Unfortunately a potentially interesting discussion of these issues was curtailed by the second problem with the cult of Don – that people buy into it. The backwards and forwards between my friend and the star of the show was interrupted by another audience member who wanted to have her say. Which is fair enough, except all she seemed to want to do was big herself up and tell Don how amazing he is.

Many of the other “questions” were of a similar caliber, although there were some interesting tangents where younger audience members raised the issue of generally feeling helpless, having too much information and not having black and white issues to kick out against. Which makes me wonder if the whole event was framed around a nostalgia for the simpler times of the seventies.

Don got his fire back when talking about trying to acquire stock footage of black culture for his documentary films and being charged thousands of pounds for a few seconds of footage of someone like Sun Ra, which Ra’s estate won’t see any of. “Who owns the culture?” is a crucial question to be asking.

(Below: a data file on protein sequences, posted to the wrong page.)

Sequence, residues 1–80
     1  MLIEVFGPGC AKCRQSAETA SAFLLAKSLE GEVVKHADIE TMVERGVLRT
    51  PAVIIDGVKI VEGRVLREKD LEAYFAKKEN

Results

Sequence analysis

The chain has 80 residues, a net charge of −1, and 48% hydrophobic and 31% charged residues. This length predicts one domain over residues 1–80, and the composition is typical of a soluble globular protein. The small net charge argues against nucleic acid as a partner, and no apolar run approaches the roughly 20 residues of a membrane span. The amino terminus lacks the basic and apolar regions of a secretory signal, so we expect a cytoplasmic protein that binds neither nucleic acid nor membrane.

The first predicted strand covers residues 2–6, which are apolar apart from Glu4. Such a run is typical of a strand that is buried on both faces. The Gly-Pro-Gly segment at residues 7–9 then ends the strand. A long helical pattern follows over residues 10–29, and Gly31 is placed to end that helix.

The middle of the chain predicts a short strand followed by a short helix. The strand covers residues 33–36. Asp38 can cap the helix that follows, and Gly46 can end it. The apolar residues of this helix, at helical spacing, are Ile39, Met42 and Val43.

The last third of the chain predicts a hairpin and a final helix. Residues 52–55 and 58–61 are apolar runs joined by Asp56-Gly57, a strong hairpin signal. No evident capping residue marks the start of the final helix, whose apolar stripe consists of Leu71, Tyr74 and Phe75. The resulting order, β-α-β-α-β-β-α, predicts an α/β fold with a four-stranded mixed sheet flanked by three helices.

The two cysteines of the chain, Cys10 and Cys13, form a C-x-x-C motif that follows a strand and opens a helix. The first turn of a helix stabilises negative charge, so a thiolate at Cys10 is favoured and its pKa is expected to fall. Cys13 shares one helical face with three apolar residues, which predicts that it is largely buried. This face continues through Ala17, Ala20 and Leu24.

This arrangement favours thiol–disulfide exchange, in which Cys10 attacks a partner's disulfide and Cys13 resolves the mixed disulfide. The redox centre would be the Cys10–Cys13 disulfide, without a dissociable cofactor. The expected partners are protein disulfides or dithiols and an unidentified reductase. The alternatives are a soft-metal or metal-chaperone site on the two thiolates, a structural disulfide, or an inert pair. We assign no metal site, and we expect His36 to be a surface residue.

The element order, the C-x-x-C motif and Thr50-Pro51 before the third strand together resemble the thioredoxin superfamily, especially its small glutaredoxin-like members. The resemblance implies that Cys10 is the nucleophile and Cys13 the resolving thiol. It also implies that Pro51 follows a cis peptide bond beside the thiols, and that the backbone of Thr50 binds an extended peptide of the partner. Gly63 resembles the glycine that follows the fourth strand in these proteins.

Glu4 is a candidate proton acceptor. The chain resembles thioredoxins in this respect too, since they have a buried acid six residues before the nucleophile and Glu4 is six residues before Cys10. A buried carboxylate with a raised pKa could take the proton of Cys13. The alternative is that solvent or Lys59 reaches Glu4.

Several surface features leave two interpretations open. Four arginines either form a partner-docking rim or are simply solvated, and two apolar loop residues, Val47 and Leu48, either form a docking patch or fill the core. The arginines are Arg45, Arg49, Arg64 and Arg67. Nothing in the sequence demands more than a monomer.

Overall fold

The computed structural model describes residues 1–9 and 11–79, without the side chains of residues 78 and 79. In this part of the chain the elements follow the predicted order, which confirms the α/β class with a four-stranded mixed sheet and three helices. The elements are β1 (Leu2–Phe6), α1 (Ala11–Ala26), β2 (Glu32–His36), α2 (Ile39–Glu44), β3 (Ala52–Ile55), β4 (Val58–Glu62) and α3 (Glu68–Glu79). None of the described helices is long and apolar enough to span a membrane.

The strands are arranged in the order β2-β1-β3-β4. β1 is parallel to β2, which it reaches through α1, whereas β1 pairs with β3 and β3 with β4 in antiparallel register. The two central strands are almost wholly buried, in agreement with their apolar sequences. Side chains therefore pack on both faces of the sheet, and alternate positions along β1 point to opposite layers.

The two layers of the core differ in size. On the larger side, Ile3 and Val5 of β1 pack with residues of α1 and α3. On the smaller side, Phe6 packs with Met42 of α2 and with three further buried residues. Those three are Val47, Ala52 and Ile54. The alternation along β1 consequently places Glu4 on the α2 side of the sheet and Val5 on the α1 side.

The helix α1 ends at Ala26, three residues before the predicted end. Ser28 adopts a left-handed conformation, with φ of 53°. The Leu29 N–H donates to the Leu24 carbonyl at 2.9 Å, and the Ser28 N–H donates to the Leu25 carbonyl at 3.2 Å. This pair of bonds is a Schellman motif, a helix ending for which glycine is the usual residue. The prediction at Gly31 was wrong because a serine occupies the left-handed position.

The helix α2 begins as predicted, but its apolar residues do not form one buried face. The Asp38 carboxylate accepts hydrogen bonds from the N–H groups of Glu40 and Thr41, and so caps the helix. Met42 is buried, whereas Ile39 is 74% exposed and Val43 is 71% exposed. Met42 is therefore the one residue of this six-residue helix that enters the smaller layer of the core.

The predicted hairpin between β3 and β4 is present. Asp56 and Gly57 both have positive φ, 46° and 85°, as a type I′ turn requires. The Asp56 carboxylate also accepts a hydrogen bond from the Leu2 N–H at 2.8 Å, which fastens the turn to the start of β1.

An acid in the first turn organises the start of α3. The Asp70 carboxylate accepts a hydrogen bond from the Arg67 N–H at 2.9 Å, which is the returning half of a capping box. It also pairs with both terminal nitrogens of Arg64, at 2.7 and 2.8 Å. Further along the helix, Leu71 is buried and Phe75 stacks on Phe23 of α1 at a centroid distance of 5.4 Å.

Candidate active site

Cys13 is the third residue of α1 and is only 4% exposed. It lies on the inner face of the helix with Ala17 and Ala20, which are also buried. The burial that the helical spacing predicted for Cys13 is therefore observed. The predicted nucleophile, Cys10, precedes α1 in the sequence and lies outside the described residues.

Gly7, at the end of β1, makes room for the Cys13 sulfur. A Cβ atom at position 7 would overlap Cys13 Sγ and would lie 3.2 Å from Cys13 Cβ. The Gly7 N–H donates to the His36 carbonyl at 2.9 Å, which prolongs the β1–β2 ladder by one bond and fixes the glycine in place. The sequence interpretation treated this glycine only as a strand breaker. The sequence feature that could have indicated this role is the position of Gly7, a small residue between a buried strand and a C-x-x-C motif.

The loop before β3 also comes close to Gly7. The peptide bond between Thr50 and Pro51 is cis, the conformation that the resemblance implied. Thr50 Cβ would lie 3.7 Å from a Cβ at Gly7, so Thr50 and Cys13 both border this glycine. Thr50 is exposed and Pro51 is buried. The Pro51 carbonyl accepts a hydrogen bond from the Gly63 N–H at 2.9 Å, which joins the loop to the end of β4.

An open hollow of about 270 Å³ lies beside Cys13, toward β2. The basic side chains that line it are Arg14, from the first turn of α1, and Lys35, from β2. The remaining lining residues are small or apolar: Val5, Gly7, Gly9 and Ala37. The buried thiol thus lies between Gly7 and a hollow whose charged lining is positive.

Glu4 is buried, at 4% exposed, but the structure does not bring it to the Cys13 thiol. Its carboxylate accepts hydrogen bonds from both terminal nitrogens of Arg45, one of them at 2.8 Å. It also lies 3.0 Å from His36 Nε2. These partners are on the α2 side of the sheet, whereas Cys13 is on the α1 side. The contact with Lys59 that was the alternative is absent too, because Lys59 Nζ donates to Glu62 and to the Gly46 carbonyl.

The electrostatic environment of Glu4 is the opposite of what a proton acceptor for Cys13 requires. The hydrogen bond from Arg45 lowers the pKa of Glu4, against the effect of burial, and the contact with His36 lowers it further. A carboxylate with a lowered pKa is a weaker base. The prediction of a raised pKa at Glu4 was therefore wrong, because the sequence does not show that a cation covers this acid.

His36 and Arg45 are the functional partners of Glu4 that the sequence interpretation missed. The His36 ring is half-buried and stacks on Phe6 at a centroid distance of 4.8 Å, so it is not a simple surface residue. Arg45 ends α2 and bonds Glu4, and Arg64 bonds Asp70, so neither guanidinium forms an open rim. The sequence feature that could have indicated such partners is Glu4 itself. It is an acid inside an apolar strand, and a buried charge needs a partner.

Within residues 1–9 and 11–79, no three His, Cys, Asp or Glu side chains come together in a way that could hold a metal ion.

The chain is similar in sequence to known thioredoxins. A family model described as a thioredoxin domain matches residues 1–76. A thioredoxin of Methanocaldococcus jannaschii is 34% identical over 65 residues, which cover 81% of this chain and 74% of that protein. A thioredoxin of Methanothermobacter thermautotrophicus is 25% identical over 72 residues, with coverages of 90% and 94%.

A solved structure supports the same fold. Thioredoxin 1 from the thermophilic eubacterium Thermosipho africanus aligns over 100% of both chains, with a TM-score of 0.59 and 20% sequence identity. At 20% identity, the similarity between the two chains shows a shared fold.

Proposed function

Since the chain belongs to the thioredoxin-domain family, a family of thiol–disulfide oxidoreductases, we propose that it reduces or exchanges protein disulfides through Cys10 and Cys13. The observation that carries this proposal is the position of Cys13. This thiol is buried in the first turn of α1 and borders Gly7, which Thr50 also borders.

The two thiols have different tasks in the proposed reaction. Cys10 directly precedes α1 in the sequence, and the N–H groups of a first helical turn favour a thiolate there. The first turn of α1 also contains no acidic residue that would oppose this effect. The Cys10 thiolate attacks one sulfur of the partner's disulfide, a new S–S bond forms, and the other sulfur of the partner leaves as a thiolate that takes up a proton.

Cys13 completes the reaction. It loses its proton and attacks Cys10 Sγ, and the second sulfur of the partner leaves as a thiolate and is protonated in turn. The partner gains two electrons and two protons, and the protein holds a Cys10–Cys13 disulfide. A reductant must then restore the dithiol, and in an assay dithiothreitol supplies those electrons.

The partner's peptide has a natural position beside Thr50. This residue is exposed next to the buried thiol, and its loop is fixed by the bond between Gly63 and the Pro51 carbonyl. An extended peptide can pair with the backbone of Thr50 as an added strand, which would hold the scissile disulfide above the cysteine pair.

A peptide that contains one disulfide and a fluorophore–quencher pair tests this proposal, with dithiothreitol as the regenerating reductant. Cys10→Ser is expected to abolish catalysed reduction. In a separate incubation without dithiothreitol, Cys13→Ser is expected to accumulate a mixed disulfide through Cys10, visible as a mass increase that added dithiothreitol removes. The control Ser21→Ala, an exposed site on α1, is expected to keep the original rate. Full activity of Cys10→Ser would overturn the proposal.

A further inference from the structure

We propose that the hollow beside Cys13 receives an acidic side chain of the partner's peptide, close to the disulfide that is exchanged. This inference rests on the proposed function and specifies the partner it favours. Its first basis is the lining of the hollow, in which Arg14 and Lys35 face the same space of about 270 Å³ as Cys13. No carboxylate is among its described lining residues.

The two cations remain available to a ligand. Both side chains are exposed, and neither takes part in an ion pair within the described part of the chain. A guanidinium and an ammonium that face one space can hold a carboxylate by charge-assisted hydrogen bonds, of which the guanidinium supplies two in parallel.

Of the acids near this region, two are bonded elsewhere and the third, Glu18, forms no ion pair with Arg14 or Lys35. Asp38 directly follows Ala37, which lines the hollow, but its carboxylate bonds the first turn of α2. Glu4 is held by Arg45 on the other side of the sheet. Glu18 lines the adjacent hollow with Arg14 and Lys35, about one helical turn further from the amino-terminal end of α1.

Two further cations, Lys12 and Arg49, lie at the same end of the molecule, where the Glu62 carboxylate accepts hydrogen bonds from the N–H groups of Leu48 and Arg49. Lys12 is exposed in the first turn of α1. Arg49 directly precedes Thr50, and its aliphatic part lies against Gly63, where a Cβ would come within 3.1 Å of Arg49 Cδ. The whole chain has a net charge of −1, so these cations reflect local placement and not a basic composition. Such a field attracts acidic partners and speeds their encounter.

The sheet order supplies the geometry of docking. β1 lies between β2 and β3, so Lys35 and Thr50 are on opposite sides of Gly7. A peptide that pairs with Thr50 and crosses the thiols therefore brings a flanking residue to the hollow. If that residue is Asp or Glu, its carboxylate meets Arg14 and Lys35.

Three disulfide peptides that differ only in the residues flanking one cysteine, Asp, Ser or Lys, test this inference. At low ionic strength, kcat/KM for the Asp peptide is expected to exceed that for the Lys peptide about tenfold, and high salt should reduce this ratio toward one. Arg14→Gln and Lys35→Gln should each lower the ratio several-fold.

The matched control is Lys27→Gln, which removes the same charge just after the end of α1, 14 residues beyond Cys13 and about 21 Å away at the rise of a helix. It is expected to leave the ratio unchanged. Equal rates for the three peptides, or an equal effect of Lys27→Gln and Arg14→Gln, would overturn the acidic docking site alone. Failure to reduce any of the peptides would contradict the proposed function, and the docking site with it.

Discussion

But so is “Who decides what’s in the culture and what isn’t?”

There is a film to be made which covers “the history of bass culture in Britain” which shows that  “From Kingston to London, New York to Rio, bass has had a resounding impact on musicians and music lovers alike. It is a meeting point for people from different cultures, backgrounds and races and continues to inspire innovation and change.”

Unfortunately, enjoyable as it was – and raising as many questions as it did, Superstonic Sound is not that film.

Minds Locked Together…

…is a short film by photographer Shaun Bloodworth.

It was commissioned by Mary Ann Hobbs for Sonar, and has a soundtrack by my man Grievous Angel.

All three protagonists live in Sheffield as do the various clubs featured. It’s good – some nice energetic positive vibes.